Using sscanf to parse string

This is a discussion on Using sscanf to parse string within the C Programming forums, part of the General Programming Boards category; I was wondering if it is possible to use sscanf() to parse an http response from a web server to ...

  1. #1
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    Using sscanf to parse string

    I was wondering if it is possible to use sscanf() to parse an http response from a web server to look for particular values such as the error code for the http request, the server, content length, last-modified, and such. Is this possible to do after reading the file in or would I have to do this on a line by line basis as it is read in? Thanks!

  2. #2
    Registered User carrotcake1029's Avatar
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    Try strstr if you know the exact response.

  3. #3
    spurious conceit MK27's Avatar
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    If you aquire it through an INET socket then sure, the http response is just a normal string in the sense of being null terminated, etc. You need to check this out yourself, maybe, http stuff has it's own style that's nothing to do with C, but I'm sure you would like packet sniffing.
    C programming resources:
    GNU C Function and Macro Index -- glibc reference manual
    The C Book -- nice online learner guide
    Current ISO draft standard
    CCAN -- new CPAN like open source library repository
    3 (different) GNU debugger tutorials: #1 -- #2 -- #3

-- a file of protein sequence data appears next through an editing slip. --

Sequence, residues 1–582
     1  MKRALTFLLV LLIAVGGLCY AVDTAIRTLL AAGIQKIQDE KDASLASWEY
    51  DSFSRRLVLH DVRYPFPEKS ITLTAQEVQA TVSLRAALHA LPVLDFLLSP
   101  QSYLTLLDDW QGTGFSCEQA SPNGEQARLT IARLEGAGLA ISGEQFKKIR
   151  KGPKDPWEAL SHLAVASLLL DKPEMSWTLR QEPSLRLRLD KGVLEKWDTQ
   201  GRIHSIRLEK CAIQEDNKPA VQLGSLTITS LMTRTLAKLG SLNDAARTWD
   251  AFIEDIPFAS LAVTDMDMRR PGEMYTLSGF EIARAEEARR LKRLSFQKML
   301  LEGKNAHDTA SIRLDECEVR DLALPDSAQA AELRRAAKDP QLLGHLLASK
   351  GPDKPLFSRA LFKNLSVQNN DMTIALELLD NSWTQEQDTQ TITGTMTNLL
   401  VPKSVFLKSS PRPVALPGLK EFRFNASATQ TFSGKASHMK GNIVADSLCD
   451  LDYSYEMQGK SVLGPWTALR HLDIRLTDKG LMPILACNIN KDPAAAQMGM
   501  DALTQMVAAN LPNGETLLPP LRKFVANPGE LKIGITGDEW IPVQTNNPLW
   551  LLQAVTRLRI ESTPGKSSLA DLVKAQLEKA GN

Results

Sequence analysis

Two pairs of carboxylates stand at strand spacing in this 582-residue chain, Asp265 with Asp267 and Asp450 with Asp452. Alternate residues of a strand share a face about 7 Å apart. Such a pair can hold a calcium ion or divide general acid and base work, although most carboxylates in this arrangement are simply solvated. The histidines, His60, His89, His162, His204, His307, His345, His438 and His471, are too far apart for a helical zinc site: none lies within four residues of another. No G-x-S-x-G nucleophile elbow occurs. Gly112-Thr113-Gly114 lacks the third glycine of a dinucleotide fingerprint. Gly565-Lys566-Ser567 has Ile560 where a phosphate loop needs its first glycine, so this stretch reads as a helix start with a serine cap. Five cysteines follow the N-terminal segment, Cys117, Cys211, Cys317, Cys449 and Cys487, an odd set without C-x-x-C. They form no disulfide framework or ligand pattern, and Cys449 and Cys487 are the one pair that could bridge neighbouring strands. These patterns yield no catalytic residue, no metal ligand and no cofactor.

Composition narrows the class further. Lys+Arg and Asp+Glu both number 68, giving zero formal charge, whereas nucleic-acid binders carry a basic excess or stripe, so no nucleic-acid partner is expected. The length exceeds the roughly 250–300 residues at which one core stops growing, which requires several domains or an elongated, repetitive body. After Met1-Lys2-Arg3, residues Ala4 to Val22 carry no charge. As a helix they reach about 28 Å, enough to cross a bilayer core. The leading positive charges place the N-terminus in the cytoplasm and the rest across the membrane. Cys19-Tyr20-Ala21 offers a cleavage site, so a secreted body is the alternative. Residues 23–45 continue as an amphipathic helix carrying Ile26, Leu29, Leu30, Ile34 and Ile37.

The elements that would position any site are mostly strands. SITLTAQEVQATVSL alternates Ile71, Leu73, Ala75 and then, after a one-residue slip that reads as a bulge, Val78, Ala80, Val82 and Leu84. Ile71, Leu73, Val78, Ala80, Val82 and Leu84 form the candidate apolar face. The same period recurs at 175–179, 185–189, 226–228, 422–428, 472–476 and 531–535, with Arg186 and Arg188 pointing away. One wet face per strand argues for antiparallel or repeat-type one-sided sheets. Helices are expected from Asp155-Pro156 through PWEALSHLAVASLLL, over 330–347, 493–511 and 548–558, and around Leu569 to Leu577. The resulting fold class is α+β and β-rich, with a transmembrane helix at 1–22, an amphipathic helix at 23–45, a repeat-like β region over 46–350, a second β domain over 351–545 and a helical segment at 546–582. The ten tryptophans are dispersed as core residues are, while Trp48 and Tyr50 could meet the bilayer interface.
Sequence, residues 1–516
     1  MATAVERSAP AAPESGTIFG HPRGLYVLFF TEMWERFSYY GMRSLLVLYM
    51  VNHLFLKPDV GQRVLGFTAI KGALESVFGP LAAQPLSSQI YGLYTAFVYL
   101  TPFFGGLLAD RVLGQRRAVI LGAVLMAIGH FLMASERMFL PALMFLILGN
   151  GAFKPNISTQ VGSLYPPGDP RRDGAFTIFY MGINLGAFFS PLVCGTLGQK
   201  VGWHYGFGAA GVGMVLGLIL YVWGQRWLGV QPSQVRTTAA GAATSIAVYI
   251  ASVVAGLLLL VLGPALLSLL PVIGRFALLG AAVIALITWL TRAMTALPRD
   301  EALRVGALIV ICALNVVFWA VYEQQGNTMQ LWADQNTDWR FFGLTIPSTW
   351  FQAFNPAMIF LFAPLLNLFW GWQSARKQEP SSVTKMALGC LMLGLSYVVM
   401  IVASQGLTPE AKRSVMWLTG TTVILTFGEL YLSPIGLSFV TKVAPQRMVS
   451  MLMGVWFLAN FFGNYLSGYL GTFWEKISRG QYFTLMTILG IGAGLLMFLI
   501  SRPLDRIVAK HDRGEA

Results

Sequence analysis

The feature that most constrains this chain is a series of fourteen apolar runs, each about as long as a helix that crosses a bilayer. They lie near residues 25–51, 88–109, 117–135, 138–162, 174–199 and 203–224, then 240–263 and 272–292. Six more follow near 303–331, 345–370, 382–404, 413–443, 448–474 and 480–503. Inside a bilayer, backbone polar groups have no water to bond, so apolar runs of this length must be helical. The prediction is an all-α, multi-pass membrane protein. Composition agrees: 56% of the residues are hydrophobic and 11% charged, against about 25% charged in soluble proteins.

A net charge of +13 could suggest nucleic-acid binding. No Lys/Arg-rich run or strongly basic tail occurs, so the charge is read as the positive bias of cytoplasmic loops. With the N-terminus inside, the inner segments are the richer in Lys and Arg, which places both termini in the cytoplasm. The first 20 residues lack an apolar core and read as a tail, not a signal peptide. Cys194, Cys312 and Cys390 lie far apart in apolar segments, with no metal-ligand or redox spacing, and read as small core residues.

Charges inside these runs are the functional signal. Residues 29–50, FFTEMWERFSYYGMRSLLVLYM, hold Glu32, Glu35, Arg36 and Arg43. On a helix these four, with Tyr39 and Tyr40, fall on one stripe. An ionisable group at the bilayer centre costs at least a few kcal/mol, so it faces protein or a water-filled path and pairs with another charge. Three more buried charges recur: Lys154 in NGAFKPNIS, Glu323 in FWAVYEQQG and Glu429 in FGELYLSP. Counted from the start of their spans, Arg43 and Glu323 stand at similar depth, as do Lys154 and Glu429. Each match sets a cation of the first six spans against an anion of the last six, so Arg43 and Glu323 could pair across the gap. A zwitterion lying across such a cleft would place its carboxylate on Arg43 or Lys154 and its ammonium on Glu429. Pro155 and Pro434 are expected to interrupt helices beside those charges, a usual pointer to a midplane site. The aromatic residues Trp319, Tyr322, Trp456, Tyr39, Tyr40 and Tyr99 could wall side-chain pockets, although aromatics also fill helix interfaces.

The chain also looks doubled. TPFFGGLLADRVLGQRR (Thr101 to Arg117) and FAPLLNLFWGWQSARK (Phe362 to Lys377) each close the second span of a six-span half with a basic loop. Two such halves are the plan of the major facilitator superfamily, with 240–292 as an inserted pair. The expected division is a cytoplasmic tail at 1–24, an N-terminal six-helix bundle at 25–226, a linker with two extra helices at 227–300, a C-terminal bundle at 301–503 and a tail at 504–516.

cpwiki -- our wiki on sourceforge

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    Registered User ssharish2005's Avatar
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    I would guess that sscanf function more often used to pick the specific parts of the string rather than check for any string pattern existence. Like for example the following code

    Code:
    #include <stdio.h>
    
    int main(void)
    {
       const char linestr[] = "HTTP/1.0 200 OK ";
       const char *ptr = linestr;
       char buffer[25];
       
       
       if( sscanf( ptr, "%*[^ ] %[^\n]", buffer ) )
           printf("Found!! -- > %s", buffer);
       else
           printf("Not found\n");
    
       getchar();
       return 0;
    }
    
    /* myn output
    Found!! -- >  200 OK
    */
    This can pick the string "200 OK" from the input string but then you will have to put some extra effort to see if you have got the right string. I might be wrong. If you want to check for like specific patterns then you might have to use some regular expression to achieve that. Or as suggested before use strstr function to find the string.

    -ssharish
    Life is like riding a bicycle. To keep your balance you must keep moving - Einstein

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